In the first few years after graduating from my first dental school in Iraq in 2009, I had never dealt with practice statistics, surveys, or digital quality measurements. When I moved to other countries where I worked or studied in the dental field, I didn’t find many data-driven practices either.
However, after getting my second degree in dentistry in California and starting my first job in healthcare, my role as the on-site dental director opened the door to big data for me. I realized that collecting and analyzing data can have a huge impact on the quality of our care.
I believe that dentists today should count on having data-driven goals in mind when improving the quality of dental services. The data collected at different points in the dental care can be critical to timely and improved care. Clinics could work smarter to improve the quality of dental services while driving innovation.
With many dental offices adopting Electronic Dental Records (EDR), it is now easier to collect data about your dental office and your patients.
When data analysis is done correctly – and with the help of practice managers and your dental team – the quality of dental services and practice workflow can be improved.
By collecting and analyzing the amount of data stored in the EDR, you can help drive improvements in the following areas of your dental practice. Here are some examples of how big data can help:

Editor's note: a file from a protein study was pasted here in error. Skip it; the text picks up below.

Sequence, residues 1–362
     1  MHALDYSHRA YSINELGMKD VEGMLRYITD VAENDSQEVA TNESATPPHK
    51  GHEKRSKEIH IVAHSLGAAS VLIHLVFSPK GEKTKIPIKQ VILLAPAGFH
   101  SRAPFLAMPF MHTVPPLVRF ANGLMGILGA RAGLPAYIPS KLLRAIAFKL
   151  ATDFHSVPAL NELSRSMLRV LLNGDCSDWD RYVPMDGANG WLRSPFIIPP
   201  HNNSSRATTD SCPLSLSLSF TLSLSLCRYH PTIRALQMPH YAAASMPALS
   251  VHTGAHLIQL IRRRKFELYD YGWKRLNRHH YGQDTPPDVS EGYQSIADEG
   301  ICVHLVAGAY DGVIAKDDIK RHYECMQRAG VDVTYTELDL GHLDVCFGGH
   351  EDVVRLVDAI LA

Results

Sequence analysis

Improving population health
The data can help you identify patients at greater risk of developing chronic and severe oral diseases. You can then implore them to make an appointment and avert the threat to general systemic health. Not only will this improve their health, but it will also reduce the cost of quality health care.
Reduce missed appointments
The EDR can be used to identify the people at greatest risk of missing an appointment and the underlying reasons.
This ensures that you can follow up on the group and take other steps to understand the reason for the no-show. In addition, it ensures that you can maximize the time with patients who willingly appear.
Real-time prevention of oral health deterioration
Real-time analysis of patient data along with historical data enables you to identify potential problems that could otherwise spiral out of control if not urgently addressed. With data analysis, you can identify discrepancies in oral hygiene and prescribe the necessary remedial measures.
There is no doubt that big data is already influencing dentistry for the better. Data analysis is vital to ensure that you improve customer service delivery by working smarter.
In addition, the integration of new dental information with historical medical information will lead to a better understanding of disease patterns for each patient. This ensures better preventive measures and an improved quality of dental services.